5
$\begingroup$

I am a high school student who is thinking about going to university for Geological Sciences. I've had an interest in rocks and such since I was little, but I want to get an idea of what studying Geology at a post-secondary level would be like. I am looking for recommendations for high school/undergrad level books that would be accessible for a 16 year old, specifically on Mineralogy and Physical Geography (the areas I am most interested in). Thanks!

$\endgroup$
0
4
$\begingroup$

I believe Manual of Mineralogy (based on Dana) is a good start for mineralogy and crystallography subjects. It is a good manual to understand the basics behind crystalls and minerals. It is a bit theoric, but it explain crystallography laws you need to know to face microscope. It also list the minerals by groups following Dana classification.

I would recommend to chose recent introduction books to get a view about Earth Sciences in general, as modern tectonics has changed some concepts. That will cost you some chips; if that's a trouble, university libraries use to be open to public. You can go there and read any book published recently whose title look like "Introduction to Earth Sciences". There are some books that specifically have a geophysics approach.

Talking about studying geology at a post-secondary level would be like, you need to know in geology field is the lab. In firsts courses you might find difficult to get it, but once you got the basic concepts, you will start to enjoy the Friday trips.

I am going to recommend, if you have the opportunity, to join a geology summer camp. You can ask at the university you want to join if they have field introductory courses. You will need good shoes, a geology hammer, a compass, a magnifying glass and good attitude to learn new things.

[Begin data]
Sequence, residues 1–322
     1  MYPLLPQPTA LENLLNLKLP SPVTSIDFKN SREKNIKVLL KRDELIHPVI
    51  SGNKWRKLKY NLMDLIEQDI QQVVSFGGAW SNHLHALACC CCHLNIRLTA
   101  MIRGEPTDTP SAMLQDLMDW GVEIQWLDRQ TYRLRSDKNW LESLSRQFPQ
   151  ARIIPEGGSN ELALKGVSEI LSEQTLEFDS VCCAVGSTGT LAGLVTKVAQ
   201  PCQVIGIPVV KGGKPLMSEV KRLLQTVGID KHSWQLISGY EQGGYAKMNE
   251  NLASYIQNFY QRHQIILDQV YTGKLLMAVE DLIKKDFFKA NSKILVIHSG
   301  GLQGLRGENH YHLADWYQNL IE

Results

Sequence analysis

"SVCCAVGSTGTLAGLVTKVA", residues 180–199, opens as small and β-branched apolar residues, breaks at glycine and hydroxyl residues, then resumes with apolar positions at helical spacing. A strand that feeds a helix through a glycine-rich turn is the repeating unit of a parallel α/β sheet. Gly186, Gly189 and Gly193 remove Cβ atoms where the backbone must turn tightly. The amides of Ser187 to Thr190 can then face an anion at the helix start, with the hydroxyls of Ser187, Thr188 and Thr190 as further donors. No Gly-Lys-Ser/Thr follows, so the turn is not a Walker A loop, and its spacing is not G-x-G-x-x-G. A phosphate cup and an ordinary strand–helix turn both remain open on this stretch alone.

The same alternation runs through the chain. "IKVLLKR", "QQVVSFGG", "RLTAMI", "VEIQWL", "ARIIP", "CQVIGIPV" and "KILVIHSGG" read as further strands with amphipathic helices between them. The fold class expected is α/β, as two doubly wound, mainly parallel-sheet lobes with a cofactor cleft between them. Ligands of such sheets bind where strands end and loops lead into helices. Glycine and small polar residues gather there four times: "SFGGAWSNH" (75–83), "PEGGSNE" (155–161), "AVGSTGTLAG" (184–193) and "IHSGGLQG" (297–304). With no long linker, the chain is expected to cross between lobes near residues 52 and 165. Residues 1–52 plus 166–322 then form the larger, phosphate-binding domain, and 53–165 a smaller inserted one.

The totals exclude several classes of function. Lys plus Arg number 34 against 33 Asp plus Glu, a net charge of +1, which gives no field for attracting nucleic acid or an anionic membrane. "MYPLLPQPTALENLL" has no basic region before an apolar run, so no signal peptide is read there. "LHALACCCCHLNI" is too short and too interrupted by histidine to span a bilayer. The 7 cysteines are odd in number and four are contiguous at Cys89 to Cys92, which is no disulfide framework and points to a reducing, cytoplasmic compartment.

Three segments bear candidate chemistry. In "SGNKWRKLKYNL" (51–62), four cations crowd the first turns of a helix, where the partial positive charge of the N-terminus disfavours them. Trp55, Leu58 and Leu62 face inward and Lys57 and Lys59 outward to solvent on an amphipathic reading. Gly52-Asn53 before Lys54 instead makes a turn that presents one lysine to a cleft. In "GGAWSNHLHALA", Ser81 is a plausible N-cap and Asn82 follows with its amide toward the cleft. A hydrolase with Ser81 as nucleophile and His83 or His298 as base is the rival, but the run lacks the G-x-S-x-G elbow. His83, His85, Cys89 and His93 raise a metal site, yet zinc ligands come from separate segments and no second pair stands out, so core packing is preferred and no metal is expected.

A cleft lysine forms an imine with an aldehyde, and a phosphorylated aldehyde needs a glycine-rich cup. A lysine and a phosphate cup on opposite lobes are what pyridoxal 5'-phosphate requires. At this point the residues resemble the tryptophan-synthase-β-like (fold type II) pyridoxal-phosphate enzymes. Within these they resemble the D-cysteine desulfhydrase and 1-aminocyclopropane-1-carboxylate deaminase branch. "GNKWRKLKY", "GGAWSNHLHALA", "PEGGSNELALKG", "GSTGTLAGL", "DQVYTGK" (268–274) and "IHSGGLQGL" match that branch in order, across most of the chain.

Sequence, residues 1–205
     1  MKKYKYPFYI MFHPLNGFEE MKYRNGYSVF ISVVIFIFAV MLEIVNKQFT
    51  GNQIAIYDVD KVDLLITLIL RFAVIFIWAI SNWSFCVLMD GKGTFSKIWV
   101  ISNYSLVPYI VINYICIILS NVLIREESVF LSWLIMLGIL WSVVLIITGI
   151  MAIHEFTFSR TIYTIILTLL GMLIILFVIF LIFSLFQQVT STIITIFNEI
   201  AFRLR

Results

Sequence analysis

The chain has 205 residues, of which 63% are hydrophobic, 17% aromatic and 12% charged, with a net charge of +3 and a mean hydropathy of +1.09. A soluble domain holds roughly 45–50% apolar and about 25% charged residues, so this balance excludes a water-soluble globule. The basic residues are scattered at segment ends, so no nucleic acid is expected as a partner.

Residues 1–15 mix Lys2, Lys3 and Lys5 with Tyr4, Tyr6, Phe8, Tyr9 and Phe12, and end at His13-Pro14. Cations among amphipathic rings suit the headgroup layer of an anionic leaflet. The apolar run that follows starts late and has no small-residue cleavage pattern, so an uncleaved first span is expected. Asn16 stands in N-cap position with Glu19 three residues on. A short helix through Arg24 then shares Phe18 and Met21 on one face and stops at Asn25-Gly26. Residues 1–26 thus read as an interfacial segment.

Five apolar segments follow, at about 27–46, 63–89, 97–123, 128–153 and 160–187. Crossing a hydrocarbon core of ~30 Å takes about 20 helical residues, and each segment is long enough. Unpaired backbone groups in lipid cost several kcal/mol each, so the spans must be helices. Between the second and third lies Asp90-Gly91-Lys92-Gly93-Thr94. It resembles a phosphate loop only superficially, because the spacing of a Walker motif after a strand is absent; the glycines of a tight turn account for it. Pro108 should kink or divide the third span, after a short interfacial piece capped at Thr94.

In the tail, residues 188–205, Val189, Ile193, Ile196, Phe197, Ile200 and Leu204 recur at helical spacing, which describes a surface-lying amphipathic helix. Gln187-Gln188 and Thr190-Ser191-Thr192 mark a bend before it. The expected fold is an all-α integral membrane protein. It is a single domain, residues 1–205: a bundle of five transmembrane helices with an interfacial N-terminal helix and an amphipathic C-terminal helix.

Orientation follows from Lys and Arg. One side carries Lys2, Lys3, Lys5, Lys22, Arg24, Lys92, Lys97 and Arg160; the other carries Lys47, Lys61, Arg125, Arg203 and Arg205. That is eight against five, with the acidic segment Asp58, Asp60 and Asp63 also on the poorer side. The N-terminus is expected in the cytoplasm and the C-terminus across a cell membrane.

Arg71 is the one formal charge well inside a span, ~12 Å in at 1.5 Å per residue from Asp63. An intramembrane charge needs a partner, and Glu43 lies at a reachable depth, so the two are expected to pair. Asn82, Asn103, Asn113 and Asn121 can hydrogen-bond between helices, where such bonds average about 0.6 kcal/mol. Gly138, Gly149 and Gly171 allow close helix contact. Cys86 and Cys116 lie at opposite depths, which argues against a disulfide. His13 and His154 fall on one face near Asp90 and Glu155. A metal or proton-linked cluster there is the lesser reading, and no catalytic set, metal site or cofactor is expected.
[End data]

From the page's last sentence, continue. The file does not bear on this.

$\endgroup$
2
$\begingroup$

"Principles of Igneous and Metamorphic Petrology" by John D. Winter is a good book to get into when you get past the basics and want to learn more about petrology, as it also touches into concepts of density gradients of the earth and the creation of the galaxy. It is pretty pricey so if you found a used one for cheap or a PDF online I would recommend you read it as it gives most of the terminology you would be needing as a geologist. Agreeing with Universal_learner, Dana has great books to start out on and learn mineralogy and crystallography.

One of the things that I wish I took earlier on in my learning career was field geology because it really solidifies everything that you learned in class and read about in text by actually practicing the concepts. A little bit of advice for hands on labs is to actually take your time and exam your rock with a loupe, understanding the textures, and how that correlates with its formation.

$\endgroup$
1
$\begingroup$

I highly recommend "The Story of Earth", by Robert M. Hazen. The title sounds like a children's book, but it's actually a very good starting place for learning about historical geology, which is essential for understanding other aspects of earth science. It's a very accessible look at how planets form, and it won't cost you nearly as much as the average geology textbook.

$\endgroup$

Your Answer

By clicking “Post Your Answer”, you agree to our terms of service, privacy policy and cookie policy

Not the answer you're looking for? Browse other questions tagged or ask your own question.